Tuesday, August 23, 2016

John Arkell's great big adventure.

Another day, another churchyard...

This week I visited the Grade I listed church of St Margaret's in Stratton St Margaret. The church retains elements from the 13th century despite many later additions and a partial rebuild in the 19th century.

The churchyard has also been extended several times, but I chose to take photographs in the oldest section around the church. There is a Grade II listed table top tomb to Susanna Hedges, but more of her story later. 

Here I found the rather magnificent memorial to John Arkell, founder of the Kingsdown brewery, and his son Thomas buried with various members of their families in a large plot.

The family brewery has been a feature of Stratton St Margaret for more than 170 years and with around 100 pubs, the Arkell name is well known in Swindon. But it could have been a very different story.

Crippled by heavy taxation and an agricultural depression, John gave up on farming and, with his cousin Thomas, left England for pastures new.

The pioneering group, which included other members of the extended family, landed in New York during the winter of 1830/1, but their eventual destination was the uninhabited plains of 'Upper Canada'.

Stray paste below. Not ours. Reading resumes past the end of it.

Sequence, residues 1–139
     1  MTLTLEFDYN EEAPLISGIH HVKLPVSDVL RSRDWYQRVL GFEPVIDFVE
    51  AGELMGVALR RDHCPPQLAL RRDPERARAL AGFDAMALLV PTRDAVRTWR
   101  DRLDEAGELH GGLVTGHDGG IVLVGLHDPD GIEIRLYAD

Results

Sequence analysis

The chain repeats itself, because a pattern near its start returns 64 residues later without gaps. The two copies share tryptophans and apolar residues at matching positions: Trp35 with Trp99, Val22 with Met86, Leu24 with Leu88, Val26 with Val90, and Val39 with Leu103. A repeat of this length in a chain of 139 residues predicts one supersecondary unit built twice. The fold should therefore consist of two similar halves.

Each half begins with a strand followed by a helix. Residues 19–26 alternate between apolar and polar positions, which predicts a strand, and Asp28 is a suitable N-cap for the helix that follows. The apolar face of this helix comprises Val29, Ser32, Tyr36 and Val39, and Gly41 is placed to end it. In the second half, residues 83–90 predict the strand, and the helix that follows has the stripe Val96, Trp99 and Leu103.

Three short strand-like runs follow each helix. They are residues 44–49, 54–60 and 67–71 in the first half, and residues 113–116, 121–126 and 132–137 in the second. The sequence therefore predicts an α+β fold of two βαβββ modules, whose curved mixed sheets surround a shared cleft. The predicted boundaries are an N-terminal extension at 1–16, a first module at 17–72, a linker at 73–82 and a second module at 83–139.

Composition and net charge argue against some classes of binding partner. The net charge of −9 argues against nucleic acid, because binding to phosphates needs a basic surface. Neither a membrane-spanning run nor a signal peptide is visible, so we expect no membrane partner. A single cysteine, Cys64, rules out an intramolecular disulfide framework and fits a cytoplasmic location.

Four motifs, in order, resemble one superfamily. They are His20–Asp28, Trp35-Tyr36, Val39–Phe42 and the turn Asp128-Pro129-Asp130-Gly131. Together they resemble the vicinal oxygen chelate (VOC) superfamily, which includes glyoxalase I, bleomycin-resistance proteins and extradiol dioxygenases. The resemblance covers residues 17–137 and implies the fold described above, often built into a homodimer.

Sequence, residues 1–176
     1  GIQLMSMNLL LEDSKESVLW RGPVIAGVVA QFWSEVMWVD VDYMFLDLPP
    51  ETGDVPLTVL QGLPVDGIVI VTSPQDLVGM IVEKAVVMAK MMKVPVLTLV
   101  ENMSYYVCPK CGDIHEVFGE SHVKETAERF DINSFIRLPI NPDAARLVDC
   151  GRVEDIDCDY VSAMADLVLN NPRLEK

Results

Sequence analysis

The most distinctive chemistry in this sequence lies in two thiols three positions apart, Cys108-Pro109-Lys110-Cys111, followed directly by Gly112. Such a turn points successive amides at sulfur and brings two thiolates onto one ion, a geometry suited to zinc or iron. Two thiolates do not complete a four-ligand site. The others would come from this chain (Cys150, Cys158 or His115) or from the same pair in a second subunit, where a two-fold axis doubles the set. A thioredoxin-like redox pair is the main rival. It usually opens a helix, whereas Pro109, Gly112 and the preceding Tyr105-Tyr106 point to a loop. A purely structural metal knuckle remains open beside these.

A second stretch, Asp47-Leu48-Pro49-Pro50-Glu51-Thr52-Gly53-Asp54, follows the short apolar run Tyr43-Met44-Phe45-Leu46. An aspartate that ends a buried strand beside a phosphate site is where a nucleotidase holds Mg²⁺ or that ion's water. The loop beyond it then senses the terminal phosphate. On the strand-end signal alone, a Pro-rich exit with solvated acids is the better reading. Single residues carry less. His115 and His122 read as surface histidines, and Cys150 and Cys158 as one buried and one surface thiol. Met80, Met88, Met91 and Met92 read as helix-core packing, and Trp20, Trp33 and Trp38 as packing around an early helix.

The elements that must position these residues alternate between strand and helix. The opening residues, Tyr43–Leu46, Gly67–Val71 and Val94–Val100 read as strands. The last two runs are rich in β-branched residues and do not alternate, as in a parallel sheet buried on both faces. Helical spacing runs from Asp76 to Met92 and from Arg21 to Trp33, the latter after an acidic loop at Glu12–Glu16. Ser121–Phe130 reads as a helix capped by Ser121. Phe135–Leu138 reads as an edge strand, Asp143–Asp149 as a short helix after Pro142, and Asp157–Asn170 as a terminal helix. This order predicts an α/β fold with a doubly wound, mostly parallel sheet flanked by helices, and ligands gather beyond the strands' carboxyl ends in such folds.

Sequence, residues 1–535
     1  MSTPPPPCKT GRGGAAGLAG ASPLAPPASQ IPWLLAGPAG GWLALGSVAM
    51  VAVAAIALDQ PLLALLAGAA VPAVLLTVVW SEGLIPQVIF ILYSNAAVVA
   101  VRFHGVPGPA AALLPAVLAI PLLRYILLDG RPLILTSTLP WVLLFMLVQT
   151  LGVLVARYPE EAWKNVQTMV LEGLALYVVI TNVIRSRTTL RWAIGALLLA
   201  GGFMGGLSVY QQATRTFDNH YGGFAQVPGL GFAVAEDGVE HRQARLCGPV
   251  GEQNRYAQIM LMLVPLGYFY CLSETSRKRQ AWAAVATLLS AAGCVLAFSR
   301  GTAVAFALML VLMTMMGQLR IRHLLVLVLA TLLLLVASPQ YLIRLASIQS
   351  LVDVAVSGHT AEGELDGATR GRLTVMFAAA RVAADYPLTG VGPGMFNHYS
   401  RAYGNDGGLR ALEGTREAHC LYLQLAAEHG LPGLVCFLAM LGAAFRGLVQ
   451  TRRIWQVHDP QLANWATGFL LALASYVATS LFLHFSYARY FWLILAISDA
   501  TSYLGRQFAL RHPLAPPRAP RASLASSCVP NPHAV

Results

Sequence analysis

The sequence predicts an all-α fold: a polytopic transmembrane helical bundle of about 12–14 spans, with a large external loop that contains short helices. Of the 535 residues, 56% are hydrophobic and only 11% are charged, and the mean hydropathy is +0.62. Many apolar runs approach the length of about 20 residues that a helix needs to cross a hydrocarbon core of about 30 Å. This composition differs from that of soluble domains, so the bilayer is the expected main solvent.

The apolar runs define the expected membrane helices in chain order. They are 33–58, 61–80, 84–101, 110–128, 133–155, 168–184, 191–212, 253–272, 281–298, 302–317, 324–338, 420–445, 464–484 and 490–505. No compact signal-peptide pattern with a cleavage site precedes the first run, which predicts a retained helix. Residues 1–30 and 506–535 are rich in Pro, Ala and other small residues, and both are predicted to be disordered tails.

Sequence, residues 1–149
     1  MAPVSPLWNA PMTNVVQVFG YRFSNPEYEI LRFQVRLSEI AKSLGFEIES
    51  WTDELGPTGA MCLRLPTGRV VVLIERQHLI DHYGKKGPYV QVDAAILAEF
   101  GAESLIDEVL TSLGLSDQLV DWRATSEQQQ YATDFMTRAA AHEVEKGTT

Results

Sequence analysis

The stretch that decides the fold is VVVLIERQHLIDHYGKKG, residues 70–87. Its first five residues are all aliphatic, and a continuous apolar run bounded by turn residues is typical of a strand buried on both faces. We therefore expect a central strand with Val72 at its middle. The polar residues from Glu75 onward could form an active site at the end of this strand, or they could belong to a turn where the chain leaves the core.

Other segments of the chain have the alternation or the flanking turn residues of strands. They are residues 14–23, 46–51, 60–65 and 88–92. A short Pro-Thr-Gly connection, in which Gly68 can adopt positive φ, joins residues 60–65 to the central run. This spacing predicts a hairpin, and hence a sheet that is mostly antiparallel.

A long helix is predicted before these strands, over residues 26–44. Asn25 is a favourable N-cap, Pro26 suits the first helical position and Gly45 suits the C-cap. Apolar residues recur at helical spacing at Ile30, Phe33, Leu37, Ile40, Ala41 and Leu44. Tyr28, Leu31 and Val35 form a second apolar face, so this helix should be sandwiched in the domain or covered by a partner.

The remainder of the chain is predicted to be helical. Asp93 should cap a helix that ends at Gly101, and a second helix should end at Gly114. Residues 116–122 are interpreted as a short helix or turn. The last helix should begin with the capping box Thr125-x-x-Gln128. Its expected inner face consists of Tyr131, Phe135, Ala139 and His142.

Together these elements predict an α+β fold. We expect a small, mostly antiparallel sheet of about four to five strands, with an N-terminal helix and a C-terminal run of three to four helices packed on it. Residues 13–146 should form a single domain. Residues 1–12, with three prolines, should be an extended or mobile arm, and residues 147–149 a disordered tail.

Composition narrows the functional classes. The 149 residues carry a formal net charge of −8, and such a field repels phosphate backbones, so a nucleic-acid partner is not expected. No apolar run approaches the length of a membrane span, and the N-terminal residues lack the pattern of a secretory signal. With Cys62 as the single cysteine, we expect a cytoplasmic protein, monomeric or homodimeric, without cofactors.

Cousin Thomas stayed but John returned to England a few years later and established the brewery in 1843, and the rest, as they say, is history.

John died on October 21, 1881 aged 79 and is buried with his two wives and several of his children in the large family plot pictured below.

If you would like to know more about John's great big adventure you can read all about it in the very first edition of Swindon Heritage published in Spring 2013. Copies are still available and can be ordered online or bought at the Visitors Information Centre, Central Library and from Swindon Heritage c/o Belgravia Lettings, Commercial Road (opposite the tented market).

St Margaret's Church

Monday, August 22, 2016

My neck of the woods

Did you know that our neck of the woods was once just that - part of a wood, a very big wood? And not just any old wood but a Royal forest no less - Braydon Forest.

The origins of Braydon Forest date back to the 9th century and a belt of woodland stretching from the Thame Valley to the Vale of Blackmore and known to the Saxons as Sealwudu.

The Saxon lords were pretty easy going, it would appear, and then along came the Normans with their system of forest law, courts and officialdom.

Braydon became a royal forest by 1135 and in the 13th century it contained an area of some 46 square miles. The forest bounds included not only woodland but fields of arable, meadow and pasture and even villages such as those of Lydiard Tregoze, Lydiard Millicent and Purton.

In 1256, during the reign of Henry III the king gave Robert Tregoze 3 bucks and 8 does from Braydon to restock his park at Lydiard Tregoze and in 1270 John Tregoze obtained a royal licence to 'inclose and impark' his wood called 'Shortgrove' which lie within the forest.

The 13th century hereditary Wardens of the forest were various members of the de Sandford family and in 1309 that medieval rogue Hugh le Despenser the Elder also held office until his execution in 1326.

By the 14th century England's great royal forests were already under attack as farms and villages nibbled at the edges and the previously stringently enforced forest law lapsed.